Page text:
Shop 1/92 Charles St, Seddon. Phone: 9689 9475
Noel, Wok Noodle’s front man, reckons his joint is the first Malaysian restaurant in the western suburbs – and I reckon he’s right.
There’s a few places in Foostcray central, and a few more in Williamstown, from whence you can order a laksa or a mee goreng, but often the only relationship such dishes ordered in such places have with Malaysia is strictly nominal.
The nearest dinkum Malaysian, and really fine Malaysian at that, is to be had in Flemington – well within Consider The Sauce territory but not, as Noel points out, strictly speaking in the western suburbs.
So Wok Noodle is it – and very welcome it is, too.
In fact, it seems truly bizarre in a neighbourhood wherein within a few kilometres one can dine Vietnamese, Chinese, Indian and various African styles that it has taken this long for a Malaysian eatery to set up shop.
The previous inhabitant of these Charles St premises had lived a relatively long but obviously hard-going life as an awkward compromise between a snacky cafe and one of those places that sells pre-made meals for heating up at home. But their curries, stews, salads and soups always seemed so preposterously over-priced that I am suspicious of Wok Noodle in case there is connection or hangover from the previous tenants.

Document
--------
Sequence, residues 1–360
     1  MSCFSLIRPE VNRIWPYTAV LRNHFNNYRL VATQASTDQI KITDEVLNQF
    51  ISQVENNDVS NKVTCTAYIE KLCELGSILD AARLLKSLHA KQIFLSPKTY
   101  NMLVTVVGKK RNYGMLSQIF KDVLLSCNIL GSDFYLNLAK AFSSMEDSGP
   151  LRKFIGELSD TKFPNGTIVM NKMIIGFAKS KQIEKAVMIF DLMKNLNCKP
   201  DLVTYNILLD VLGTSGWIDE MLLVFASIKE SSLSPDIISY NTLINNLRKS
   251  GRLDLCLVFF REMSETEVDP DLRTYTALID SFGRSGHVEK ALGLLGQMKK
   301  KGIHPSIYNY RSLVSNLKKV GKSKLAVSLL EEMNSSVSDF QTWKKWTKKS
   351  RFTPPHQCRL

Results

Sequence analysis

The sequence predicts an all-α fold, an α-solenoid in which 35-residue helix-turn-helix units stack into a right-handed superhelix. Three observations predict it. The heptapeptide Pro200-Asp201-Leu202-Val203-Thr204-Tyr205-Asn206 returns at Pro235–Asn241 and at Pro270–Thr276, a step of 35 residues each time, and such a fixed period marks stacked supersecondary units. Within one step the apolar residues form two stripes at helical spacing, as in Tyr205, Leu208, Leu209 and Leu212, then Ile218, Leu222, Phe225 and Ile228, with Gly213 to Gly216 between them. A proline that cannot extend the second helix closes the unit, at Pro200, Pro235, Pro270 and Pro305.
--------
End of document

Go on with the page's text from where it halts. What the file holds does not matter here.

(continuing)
No, there is not.
Indeed, the prices are all ball park for this kind of food – soup and wok noodles all $10.50, Hainan chicken rice for $11.50, sambal dishes for $14.50 and up depending on your taste in seafood, two curry puffs for $5.
A plain roti costs $3.50, or you can have it with potato ($7) or chicken curry ($8.50), or peanut sauce ($6).
Gado gado costs $9.50.
As the above illustrates, the menu range at Wok Noodle is orthodox Malaysian – but that’s fine by us, particularly if the food is as consistently good as that presented us in our first meal.
The interior is bright and breezy, there is a good view of the kitchen action and chilled water is delivered unasked to our table.
My mee goreng is minus the tomato tang often part of this dish, and very mildly spiced, but nevertheless delicious. Big and bursty prawns, fishcake, tofu, chicken, egg, sprouts, some greenery all dance delightedly with a lip-smackingly fine dark brown curry gravy and egg noodles. It’s topped with shredded lettuce, while a slice of lemon on the side does good work near the end of my meal, tarting things up just when needed.
Not for the first time, Bennie finds the lure of both dumplings AND roast pork impossible to ignore, so orders the wonton broth – a basic brew of thin egg noodles with very good dumplings and slices of pig, greenery courtesy of choy sum, all in chicken broth. It’s plain but satisfying.
And that’s our first of what is likely to be many meals at Wok Noodle.